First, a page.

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Origins of the Cold War

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Origins of the Cold War

The origins of the Cold War actually predate World War II and can be traced to the Russian Revolution of 1917 which "created a Soviet Russia with a profoundly different economic and ideological state to the capitalist and democratic West" (Wilde 1). The civil war in Russia in which Western powers unsuccessfully involved themselves, and the creation of the Comintern dedicated to the spreading of communism, fueled mistrust between the Soviet Union and the rest of Europe and America. In World War II, the Nazi-Soviet pact of 1939 further exacerbated hostility toward the Soviets in the West and even after Josef Stalin abrogated this pact and joined the Allies against the Axis powers, mistrust of the Soviets continued to characterize relationships between the United States and the Soviets (Litwack, Jordan, Hofstadter, Miller, and Aaron 707-708).

After World War II, the U.S. and the Soviet Union clashed over the reorganization of the post-war world and the great differences in ideology characterizing the two countries along with their competition for dominance in world affairs ensured that tensions would remain high. With the United States in sole possession of atomic weapons and refusing to share that technology with the Soviets at the end of World War II, fuel was added to an already fiery relationship.

The United States under President Harry Truman and later, President Dwight D. Eisenhower, called for democratic elections in the territories in Eastern Europe that were occupied by the Soviet Union as part the post-war settlements. In Greece, the U.S. and the British aided anti-communist forces who were seeking to prevent a communist takeover there and the U.S. and the Soviets began to use financial assistance as well as military support to gain the allegiance of other countries. The Truman Doctrine, the Truman Point Four Program for the improvement and growth of underdeveloped areas, and the Marshall Plan for restoring European prosperity were all seen by the Soviets as attacks on their ability to influence world events (Litwack, et al, 709).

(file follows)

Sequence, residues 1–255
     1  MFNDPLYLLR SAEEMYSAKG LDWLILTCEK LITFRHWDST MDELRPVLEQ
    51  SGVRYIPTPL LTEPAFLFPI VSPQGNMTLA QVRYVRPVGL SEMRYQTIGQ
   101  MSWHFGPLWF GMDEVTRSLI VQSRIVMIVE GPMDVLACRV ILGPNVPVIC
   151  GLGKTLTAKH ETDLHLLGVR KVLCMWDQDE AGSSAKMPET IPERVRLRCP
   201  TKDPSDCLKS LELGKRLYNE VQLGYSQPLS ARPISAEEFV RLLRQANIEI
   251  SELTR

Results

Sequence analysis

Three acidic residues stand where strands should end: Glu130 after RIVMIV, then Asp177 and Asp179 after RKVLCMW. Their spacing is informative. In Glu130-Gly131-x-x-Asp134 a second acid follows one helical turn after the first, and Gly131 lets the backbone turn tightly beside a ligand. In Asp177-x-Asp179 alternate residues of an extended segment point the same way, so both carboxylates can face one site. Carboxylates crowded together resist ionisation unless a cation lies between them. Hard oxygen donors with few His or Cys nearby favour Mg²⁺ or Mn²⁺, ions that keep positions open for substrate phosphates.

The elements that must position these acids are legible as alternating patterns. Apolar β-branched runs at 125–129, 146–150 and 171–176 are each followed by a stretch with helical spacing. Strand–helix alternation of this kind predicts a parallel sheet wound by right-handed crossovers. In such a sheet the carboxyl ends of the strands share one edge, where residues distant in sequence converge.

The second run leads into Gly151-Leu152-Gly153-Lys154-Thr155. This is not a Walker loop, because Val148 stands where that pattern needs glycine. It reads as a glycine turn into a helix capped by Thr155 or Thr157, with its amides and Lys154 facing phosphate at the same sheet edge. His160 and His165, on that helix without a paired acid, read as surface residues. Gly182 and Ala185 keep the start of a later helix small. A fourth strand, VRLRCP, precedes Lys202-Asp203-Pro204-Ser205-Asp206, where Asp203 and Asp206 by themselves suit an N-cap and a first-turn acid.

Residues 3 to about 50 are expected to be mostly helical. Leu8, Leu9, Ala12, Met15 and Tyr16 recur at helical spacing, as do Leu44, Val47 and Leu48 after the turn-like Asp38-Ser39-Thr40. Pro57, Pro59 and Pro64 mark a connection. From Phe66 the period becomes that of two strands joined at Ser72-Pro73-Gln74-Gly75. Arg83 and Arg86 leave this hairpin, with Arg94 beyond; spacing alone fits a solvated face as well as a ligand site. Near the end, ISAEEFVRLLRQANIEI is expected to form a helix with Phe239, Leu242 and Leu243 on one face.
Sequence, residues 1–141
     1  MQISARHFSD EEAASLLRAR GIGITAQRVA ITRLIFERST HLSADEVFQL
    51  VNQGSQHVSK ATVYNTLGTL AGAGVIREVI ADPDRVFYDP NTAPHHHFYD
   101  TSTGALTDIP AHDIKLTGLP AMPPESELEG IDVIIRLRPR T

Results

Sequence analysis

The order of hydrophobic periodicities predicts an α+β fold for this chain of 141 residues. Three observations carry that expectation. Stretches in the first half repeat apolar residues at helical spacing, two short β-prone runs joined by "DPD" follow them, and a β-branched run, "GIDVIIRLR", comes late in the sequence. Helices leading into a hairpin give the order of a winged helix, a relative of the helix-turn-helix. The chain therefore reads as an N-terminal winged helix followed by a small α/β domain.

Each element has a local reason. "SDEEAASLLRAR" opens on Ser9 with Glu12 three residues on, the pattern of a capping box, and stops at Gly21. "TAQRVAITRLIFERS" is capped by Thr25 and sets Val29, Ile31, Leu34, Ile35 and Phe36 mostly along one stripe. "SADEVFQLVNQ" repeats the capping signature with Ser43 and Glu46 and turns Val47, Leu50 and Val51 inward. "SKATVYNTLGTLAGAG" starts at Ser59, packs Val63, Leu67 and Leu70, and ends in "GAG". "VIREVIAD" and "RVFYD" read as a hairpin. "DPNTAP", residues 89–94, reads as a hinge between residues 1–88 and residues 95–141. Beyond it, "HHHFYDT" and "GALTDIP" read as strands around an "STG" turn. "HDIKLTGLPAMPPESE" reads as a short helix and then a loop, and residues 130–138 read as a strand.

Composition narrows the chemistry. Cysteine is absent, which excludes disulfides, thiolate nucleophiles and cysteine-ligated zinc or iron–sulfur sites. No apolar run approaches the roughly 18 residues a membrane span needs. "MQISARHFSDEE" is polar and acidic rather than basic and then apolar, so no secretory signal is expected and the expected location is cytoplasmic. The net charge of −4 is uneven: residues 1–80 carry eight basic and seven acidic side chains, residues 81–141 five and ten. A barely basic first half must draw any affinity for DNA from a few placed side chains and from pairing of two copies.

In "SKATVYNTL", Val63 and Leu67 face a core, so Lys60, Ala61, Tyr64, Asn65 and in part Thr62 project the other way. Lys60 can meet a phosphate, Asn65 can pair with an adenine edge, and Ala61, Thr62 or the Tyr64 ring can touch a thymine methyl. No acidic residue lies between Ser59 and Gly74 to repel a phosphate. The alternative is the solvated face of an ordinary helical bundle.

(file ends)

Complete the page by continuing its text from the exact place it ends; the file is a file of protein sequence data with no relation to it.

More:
Equally significant is the fact that each of these moves by the United States was based upon the idea of containment which after 1947 became the cornerstone of American foreign policy. As set forth by George F. Kennan, a senior foreign service officer and Soviet expert, containment was based on the conviction that the Soviets were committed "to an aggressive intransigence with respect to the outside world" and an argument that American policy must be one of "long-term, patient, but firm and vigilant containment of Russian expansive tendencies based on the application of counter-force" (Litwack, et al, 709-710).

The United Nations Charter permitted nations to enter into collective self-defense arrangements and in March 1948, France, Britain, the Netherlands, Belgium, and Luxembourg signed a treaty of economic cooperation and military alliance in which the United States joined to facilitate the development of the North Atlantic Treaty Organization (NATO) which would provide for a permanent military force to be stationed in Western Europe as a balance against possible Soviet adventurism (Litwack, et al, 710). From 1949 forward, the U.S. armed its European allies extensively, particularly after the 1949 Soviet detonation of an atomic bomb which introduced into Cold War rivalry the arms race.

In Latin America, regarded by the U.S. as a natural sphere of American influence, a number of governments began to accept assistance from the Soviets. With China falling to the forces of Mao Zedong and the communists, and conflict between communists in North Korea and anti-communists in South Korea, tensions accelerated. The U.S. joined the United Nations in the Korean conflict to prevent North Korea from taking control of the entire area.

These were some but hardly all of the key events of the early Cold War which lasted until the collapse of the Soviet Union in 1989. These were years of great tension in which legitimate fears of a third world war were often expressed.

Women and Minorities and World War II

In many ways, World War II was a watershed moment for the United States not only because it firmly established the United States as the dominant Western super power and ushered in a decades long Cold War with the Soviet Union, but also because of the ways in which American women and minorities were affected at home. Litwack, et al (678) stated that "with the drafting of men into the armed forces, large



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